Our partner

I get angry in an instant and I want to stop

Open Discussions about Anger and Anger Management.

Moderators: NewSunRising, thegentlepath

I get angry in an instant and I want to stop

Postby RandomRage » Tue Aug 27, 2019 8:21 pm

I've always had issues with anger, ever since I was young, but it wasn't until the last year or so I considered it to be so bad I might need some sort of anger management. I've read a few articles, listened to a few podcasts, and tried reading a few books but I almost feel like things I'm reading don't quite apply to my form of anger and therefore the solutions aren't quite right (I know there's no easy fix for this, but nothing I've tried seems to have work).

My biggest issue with the things I've read/tried so far is they all seem to centre on recognising anger as it builds and stopping it before it erupts -- but I get angry within seconds. Less than that sometimes. (My sister has mastered the art of saying something to wind me up, and I'll instantly be frustrated, defensive and stressed)

I've managed to identify the cause of (most of) my anger: things beyond my control, or things I fail at/that fail me. Things I think will be simple/quick to do, but actually take longer. Most often technology (prime example, I felt myself quickly getting frustrated when registering for this forum after being told my email address is invalid and my fourth attempt at a password still didn't work).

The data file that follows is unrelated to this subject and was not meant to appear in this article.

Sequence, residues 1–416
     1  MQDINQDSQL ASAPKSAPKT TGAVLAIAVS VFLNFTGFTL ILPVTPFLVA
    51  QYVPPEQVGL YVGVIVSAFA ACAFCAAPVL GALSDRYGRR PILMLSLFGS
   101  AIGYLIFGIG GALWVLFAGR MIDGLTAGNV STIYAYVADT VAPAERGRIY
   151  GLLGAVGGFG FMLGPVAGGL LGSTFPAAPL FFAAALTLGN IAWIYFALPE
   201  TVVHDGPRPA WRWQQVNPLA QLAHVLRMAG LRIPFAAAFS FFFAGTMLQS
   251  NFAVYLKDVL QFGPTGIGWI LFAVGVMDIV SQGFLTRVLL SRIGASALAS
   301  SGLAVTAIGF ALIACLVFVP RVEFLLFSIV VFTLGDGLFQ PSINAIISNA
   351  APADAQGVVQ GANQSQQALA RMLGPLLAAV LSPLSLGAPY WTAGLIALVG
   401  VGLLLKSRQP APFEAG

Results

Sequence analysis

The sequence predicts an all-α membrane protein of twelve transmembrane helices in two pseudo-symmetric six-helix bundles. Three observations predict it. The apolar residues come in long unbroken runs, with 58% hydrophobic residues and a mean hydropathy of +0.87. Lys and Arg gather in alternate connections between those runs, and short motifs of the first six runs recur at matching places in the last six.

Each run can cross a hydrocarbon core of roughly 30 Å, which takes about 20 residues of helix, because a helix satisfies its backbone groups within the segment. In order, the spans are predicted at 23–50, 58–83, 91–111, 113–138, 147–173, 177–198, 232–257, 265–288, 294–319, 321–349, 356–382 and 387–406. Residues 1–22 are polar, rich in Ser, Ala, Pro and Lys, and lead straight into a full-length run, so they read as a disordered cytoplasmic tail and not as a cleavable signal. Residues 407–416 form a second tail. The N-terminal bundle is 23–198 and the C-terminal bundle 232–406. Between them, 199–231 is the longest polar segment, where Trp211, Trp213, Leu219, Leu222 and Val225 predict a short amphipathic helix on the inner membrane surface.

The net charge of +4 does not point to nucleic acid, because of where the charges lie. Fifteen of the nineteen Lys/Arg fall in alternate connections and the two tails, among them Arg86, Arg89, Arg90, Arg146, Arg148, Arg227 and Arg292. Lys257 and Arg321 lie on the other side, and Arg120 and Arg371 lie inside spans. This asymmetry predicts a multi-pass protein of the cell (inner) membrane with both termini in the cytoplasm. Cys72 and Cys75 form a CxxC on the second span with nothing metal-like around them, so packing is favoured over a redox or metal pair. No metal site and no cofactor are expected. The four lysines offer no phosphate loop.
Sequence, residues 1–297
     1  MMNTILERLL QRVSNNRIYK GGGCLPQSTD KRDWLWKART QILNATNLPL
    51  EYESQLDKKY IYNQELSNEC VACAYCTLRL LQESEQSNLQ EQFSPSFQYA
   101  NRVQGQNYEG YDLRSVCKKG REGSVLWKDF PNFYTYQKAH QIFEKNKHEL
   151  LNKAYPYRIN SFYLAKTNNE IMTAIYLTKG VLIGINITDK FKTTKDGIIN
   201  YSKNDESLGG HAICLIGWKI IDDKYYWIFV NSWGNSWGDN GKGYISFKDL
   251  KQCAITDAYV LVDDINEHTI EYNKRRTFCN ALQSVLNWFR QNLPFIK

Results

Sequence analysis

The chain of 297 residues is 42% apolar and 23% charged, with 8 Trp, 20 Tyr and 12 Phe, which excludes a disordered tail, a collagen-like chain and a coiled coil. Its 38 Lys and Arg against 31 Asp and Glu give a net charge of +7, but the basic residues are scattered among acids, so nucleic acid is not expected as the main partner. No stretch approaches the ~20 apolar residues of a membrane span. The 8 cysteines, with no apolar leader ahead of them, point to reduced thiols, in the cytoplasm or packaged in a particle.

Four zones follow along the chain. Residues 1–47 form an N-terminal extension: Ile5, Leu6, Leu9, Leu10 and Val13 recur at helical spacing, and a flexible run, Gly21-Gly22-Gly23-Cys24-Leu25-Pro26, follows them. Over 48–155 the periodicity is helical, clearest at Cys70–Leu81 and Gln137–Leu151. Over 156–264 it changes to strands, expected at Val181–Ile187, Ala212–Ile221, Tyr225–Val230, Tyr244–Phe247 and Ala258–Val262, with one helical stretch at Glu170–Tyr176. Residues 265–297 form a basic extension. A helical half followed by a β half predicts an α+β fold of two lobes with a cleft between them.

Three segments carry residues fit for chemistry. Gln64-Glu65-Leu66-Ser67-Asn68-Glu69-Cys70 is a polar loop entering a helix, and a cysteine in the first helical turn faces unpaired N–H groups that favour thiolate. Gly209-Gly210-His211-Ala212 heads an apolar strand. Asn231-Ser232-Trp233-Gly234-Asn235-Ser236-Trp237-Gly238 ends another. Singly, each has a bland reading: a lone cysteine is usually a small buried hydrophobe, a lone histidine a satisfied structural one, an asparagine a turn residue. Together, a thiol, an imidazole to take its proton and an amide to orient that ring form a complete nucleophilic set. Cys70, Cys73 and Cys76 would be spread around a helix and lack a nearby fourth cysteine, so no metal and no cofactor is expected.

But this has started to be triggered by my children too. I'll be trying to change my son's nappy and he'll wriggle about (as 3 year olds do), and it'll be funny at first, but then suddenly I'll reflexively shout, growl or even physically pin his legs down, which scares him. I don't want to react that way, I know you shouldn't react like that, but I do and it's a reflex. Within a few seconds, I realise I've overreacted and try to calm him down, put on a softer voice, but this is probably confusing him even more.

Another example: I was sitting by him on the floor as he played today, and he suddenly flailed his arms about and slapped me round the face. I cried out in surprise and pain and sternly told him not to hit, and to kiss it better. But as I leant down for him to do so, he was still excited and slapped me both sides of the face even harder. I yelled his name -- again, a reflex, not a reaction I planned or wanted -- and he burst into tears.